A Virtual Counteroffensive
Photograph by Intrinsic-Image
From Spiegel Online:
Islamic State is “the first group of its kind to have figured out what it can achieve through social media,” says former FBI agent Ali Soufan. Islamist propaganda in the Internet acts like a combustive agent, says Berlin psychologist Ahmad Mansour, a former Islamist who has just published a book titled “Generation Allah. Warum wir im Kampf gegen religiösen Extremismus umdenken müssen” (“Generation Allah: Why We Need to Rethink Our Approach in the Fight Against Religious Extremism”).
Many young Muslims now derive much of their information about Islam from the Web, says Mansour. They increasingly live in a digital parallel society, he argues, in which Facebook, Twitter and Snapchat have replaced mosque congregations.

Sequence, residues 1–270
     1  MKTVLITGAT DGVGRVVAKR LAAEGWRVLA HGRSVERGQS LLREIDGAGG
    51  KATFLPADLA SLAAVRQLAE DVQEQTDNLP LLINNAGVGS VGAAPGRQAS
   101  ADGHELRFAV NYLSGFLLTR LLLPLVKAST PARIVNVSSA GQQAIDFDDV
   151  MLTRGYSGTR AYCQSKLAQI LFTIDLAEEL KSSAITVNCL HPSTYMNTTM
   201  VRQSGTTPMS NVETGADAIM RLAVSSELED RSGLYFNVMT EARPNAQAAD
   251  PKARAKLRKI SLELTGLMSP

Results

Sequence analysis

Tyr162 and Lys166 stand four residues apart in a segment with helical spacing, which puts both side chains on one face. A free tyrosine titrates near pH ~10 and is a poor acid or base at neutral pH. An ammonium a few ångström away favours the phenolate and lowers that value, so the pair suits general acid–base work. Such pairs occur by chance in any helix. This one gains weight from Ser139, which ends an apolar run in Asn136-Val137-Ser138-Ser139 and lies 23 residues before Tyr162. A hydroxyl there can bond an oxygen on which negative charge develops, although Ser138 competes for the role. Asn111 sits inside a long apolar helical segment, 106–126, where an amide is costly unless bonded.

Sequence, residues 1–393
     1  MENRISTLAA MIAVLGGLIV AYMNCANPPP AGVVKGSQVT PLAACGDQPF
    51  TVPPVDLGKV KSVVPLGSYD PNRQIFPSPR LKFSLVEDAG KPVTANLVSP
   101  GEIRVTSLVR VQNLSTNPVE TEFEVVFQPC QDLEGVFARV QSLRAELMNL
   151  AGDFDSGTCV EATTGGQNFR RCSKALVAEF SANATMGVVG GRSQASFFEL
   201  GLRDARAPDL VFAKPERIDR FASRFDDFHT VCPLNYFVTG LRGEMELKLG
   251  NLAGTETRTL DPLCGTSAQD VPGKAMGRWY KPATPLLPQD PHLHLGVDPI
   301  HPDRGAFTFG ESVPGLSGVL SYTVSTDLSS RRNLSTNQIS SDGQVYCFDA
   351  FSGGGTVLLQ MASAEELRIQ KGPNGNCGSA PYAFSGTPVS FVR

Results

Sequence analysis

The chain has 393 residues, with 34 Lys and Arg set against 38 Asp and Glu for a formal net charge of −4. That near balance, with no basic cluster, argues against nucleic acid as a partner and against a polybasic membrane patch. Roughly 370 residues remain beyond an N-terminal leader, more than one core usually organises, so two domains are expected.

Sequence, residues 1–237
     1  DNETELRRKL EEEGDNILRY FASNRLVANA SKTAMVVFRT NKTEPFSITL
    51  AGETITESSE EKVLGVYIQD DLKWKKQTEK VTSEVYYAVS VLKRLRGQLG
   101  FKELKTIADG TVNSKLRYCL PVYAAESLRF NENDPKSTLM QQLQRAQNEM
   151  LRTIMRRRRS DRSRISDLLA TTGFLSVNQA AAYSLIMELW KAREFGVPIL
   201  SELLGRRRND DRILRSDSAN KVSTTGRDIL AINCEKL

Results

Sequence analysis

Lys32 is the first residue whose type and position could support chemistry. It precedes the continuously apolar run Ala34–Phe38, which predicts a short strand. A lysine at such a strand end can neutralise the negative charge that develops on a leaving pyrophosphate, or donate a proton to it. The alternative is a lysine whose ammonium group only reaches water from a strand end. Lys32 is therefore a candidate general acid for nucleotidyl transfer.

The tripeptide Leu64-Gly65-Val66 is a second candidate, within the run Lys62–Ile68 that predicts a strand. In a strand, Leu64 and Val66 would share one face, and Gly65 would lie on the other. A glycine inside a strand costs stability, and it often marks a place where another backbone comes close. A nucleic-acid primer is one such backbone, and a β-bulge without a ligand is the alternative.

There are still houses of prayer, like the Al-Nur Mosque in Berlin’s Neukölln neighborhood, where preachers of hate are allowed to spread their ideas. But they can only convey their message at specific times and only to small audiences.
In contrast, the sermons of radical preachers spread like wildfire on YouTube. Cologne convert Pierre Vogel, who speaks with equal eloquence about energy drinks, video games and paradise, has about 120,000 fans on Facebook. “The Salafists’ convictions may feel as if they were from the Stone Age, but they are pioneers in the digital religious arena,” says Mansour.